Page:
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Missouri is the campaign that I was most involved with (even after a number of more campaigns now). I made 14k phone calls for Austin Petersen and knew everyone on staff (a lot of Freitas people came over after that race in Virginia). Even though it was my lowest paying campaign job (and we got killed), that was one of the funnest ones I have been apart of.

Edited by jvikings1
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35 minutes ago, jvikings1 said:

Missouri is the campaign that I was most involved with (even after a number of more campaigns now). I made 14k phone calls for Austin Petersen and knew everyone on staff (a lot of Freitas people came over after that race in Virginia). Even though it was my lowest paying campaign job (and we got killed), that was one of the funnest ones I have been apart of.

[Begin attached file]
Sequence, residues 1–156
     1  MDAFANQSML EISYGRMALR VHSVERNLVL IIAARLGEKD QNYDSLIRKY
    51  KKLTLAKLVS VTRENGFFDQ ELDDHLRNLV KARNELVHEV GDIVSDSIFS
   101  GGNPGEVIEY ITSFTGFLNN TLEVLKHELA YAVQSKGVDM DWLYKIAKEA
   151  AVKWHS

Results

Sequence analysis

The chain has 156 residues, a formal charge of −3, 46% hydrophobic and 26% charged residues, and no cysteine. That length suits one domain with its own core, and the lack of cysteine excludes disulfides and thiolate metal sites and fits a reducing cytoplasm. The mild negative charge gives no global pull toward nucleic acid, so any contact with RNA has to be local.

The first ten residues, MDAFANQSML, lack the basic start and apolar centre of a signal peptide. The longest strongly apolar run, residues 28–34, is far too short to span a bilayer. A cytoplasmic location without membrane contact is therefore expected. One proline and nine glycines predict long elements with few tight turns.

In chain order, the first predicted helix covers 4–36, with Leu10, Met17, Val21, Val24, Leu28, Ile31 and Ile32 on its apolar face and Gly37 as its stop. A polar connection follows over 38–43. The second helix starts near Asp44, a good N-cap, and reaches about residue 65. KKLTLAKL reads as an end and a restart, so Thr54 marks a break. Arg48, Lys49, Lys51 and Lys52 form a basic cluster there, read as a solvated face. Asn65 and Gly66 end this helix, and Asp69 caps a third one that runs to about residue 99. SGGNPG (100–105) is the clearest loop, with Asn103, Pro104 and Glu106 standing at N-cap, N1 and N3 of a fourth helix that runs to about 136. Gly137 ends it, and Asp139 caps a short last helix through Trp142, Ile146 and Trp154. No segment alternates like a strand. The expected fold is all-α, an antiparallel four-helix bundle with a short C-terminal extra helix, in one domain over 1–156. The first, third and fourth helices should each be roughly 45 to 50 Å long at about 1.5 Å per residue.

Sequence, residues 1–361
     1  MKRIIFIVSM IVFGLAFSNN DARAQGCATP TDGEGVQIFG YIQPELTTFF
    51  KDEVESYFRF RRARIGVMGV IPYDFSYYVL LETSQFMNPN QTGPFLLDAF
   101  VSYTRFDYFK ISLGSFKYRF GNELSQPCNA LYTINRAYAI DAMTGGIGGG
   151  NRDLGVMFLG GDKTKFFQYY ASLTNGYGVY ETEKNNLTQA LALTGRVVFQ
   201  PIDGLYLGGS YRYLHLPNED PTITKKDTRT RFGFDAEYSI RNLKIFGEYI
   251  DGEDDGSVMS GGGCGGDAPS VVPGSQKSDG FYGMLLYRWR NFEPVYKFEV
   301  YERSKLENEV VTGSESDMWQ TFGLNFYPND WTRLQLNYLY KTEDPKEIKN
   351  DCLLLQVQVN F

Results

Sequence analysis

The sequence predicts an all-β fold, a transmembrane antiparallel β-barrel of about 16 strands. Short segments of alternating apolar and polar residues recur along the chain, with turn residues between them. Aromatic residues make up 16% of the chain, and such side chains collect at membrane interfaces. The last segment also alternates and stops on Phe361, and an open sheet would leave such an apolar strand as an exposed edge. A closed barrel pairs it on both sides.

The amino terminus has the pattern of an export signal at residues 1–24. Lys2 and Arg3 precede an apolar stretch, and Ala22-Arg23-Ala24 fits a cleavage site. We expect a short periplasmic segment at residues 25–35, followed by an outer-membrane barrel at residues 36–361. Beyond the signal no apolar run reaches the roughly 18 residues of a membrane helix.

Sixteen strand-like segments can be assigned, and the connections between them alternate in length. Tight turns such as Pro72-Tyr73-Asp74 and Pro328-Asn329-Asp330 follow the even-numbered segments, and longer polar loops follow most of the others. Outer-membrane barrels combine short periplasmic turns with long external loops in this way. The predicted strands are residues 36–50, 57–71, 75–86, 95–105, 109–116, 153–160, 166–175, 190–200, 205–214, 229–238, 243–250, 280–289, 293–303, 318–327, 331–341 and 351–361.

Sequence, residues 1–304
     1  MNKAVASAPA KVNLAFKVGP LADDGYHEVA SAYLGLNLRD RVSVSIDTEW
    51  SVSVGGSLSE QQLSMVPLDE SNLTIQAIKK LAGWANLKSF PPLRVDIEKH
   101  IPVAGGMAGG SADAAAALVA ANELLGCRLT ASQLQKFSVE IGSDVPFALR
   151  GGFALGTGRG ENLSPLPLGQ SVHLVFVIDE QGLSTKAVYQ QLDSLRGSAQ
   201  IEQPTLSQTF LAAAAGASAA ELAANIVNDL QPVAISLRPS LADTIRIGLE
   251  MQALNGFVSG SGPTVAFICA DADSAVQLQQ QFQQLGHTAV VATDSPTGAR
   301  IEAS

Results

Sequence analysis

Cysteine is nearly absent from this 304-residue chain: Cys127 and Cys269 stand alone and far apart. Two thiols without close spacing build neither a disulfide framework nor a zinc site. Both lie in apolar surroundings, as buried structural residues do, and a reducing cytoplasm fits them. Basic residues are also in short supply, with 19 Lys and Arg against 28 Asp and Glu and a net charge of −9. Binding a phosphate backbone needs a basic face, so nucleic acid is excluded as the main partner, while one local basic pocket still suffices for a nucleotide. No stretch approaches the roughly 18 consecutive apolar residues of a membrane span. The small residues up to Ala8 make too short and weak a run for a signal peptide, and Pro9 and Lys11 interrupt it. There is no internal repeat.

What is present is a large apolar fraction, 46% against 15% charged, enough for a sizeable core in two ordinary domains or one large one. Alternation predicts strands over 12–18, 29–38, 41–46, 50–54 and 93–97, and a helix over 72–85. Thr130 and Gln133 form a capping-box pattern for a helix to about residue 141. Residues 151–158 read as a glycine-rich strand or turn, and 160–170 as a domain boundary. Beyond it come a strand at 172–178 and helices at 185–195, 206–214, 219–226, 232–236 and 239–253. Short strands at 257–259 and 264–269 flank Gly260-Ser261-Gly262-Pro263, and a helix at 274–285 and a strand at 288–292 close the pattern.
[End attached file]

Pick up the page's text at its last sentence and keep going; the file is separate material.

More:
I was honestly shocked by how poorly he performed.

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5 minutes ago, Dobs said:

I was honestly shocked by how poorly he performed.

There was a lot going on behind the scenes that explains the result. First off, they put the citizens vote on right to work during the primary (rather than the general). This drove a lot of people to the polls who would not typically have shown up for the primary (big boost to Hawley). The state party changes their rules allowing them to spend money in favor of Hawley as well. Mitch McConnell poured tons of money into the race to prop up Hawley's candidacy, and all the major conservative groups (Freedomworks, Senate Conservatives Fund, Tea Party Patriots, etc.) endorsed him as well (something I still do not understand to this day). And the big trump card was the Trump endorsement.

When combined with the monetary constraints we faced, it was no surprise to see the result.

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1 minute ago, Patine said: